Comparison of Law, Legal Transplants and International 'Legal Fashion' in German and Japanese Corporate Law
Droit japonais, droit français, quelle réforme? (Special Issues of the Journal of Japanese Law, No. 13), pp. 185-209, Béatrice Jaluzot, ed., Carl Heymanns Verlag, 2020
27 Pages Posted: 16 Dec 2020
Comparison of law has always shaped or at least influenced legislation to varying degrees either directly or indirectly, and it continues to do so all the more in today’s arena of globalization and universal availability of comparative legal information. Where foreign concepts are integrated into national laws, one speaks of legal transplants. There is a heated discussion as to whether a reception of foreign legal institutions is actually feasible in a sensible way.
Today’s national regulators seem obliged to navigate a kind of regulatory Scylla and Charybdis. On the one hand, they have to conform to the expectations of the global investment community (as to what constitute internationally perceived “good” corporate governance standards along the lines of
Anglo-American practices) if they want to attract capital in the international financial markets. They have to comply, in other words, with the latest international “legal fashion”. At the same time, however, they face the task of designing an optimal regulatory architecture suited for their national markets with their path-dependent institutional frameworks.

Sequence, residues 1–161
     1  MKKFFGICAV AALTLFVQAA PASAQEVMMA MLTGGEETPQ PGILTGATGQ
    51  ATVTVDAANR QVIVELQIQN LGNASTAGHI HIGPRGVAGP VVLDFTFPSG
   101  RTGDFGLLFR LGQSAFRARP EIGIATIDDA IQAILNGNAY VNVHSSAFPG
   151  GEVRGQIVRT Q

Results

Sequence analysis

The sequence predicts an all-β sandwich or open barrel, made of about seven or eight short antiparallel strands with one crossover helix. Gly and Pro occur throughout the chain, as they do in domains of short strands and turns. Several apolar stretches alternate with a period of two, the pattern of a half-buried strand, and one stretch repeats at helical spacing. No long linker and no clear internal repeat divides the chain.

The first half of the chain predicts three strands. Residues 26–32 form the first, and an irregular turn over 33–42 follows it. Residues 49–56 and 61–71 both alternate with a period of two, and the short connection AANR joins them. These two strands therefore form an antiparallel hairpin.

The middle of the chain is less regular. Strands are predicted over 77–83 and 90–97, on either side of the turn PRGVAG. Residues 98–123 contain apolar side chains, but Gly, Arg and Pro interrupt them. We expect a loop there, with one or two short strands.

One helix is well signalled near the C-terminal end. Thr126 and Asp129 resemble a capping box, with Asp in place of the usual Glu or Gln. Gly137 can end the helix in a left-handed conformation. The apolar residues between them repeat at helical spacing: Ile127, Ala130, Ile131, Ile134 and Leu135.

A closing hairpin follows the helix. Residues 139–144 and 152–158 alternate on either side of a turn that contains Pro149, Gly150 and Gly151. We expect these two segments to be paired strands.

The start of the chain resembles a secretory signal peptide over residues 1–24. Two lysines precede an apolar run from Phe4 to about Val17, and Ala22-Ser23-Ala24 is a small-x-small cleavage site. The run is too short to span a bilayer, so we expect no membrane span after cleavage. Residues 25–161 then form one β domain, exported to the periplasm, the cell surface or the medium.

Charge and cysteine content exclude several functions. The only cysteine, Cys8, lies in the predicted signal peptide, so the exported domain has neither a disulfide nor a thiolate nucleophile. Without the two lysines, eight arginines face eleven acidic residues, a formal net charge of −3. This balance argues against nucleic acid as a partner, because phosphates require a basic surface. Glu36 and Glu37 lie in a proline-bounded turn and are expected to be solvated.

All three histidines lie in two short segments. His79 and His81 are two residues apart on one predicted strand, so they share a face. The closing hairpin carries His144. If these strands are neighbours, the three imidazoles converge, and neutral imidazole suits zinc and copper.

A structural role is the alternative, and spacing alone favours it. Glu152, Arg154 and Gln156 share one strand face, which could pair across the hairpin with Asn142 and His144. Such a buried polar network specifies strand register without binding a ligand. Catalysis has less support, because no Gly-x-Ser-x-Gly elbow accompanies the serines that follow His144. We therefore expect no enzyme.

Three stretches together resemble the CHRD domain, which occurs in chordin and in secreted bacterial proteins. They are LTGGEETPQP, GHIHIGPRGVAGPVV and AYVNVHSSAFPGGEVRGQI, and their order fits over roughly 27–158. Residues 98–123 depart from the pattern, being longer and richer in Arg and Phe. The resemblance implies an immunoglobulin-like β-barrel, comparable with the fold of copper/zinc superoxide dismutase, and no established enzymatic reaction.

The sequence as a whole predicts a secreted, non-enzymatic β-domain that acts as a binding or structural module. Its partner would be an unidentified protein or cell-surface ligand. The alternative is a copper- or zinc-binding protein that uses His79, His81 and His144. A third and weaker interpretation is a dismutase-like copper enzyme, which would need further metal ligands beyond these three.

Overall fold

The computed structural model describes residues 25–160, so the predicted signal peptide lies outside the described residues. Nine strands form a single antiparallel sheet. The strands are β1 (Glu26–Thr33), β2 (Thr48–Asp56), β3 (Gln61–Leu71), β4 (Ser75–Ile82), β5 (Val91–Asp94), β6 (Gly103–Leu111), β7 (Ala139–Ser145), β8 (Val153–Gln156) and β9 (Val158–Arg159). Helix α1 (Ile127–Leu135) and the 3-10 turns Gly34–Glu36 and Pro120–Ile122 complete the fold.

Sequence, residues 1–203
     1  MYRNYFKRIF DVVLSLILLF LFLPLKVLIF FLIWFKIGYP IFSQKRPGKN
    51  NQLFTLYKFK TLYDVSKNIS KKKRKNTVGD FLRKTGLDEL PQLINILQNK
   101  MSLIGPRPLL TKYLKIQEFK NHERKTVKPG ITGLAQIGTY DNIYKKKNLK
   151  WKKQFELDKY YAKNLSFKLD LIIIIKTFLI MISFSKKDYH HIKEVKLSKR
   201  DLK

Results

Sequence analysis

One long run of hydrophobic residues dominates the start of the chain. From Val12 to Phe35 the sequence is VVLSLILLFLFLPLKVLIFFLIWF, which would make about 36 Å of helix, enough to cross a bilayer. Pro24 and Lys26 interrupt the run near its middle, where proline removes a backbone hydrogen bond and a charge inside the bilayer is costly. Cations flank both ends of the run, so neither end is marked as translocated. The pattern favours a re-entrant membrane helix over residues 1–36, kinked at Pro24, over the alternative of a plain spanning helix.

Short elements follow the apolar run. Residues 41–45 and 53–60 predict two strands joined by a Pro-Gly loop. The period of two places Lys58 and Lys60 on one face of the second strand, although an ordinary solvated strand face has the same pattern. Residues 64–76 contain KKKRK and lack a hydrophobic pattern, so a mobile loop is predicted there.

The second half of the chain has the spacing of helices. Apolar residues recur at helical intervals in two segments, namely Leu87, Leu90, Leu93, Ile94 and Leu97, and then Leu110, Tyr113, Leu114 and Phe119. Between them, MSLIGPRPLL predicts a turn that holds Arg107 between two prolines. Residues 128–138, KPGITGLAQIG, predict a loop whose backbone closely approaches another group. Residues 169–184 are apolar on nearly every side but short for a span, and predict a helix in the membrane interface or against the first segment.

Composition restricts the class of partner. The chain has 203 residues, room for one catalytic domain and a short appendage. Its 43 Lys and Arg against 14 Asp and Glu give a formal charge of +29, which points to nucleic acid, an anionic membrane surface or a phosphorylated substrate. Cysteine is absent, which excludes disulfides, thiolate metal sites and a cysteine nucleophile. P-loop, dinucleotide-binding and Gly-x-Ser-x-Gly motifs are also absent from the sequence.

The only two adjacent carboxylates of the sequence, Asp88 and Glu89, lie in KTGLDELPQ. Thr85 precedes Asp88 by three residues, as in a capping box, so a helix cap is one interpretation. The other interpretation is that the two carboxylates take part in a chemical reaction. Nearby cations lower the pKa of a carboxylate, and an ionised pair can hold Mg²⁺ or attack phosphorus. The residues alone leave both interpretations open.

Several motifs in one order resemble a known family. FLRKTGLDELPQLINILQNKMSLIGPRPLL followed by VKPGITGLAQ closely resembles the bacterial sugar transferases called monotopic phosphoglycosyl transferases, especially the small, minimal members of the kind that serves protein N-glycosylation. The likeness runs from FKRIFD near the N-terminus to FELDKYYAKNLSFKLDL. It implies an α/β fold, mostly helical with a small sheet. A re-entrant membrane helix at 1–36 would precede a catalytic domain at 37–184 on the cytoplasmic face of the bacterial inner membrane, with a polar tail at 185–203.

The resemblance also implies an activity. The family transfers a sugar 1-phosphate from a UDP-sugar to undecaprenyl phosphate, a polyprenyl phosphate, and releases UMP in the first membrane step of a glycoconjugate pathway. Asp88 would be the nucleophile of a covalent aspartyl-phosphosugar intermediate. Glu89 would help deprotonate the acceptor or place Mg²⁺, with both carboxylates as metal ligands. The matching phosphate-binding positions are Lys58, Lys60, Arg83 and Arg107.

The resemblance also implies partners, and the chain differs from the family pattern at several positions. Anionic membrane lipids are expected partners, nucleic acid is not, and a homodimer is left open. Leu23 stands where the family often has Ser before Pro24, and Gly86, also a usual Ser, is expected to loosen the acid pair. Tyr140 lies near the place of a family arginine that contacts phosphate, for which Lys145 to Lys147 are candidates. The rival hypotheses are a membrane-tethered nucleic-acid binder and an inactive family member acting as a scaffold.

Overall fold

This dual obligation may cause frictions if the global standards and the given institutional set-up derive from different regulatory and organizational traditions. In such a case it is far from certain whether conforming to the international expectations actually improves corporate governance in the given jurisdiction. Rather, the regulator may feel forced to adopt regulatory standards, i.e. the prevailing “legal fashion”, which are unnecessary or even unsuitable when viewed from the national perspective. As all regulation comes with a price tag of compliance costs and a crowding out of potentially better alternative solutions, the outcome may be suboptimal.
Note: This contribution is published in the Max Planck Private Law Research Paper Series with the generous and exceptional permission of the Journal of Japanese Law.
Keywords: Comparison of Law, Legal Transplants, “Legal Fashion”, From Corporate Law to Corporate Governance, Corporate Governance Codes, Independent Directors, Regulatory Tools
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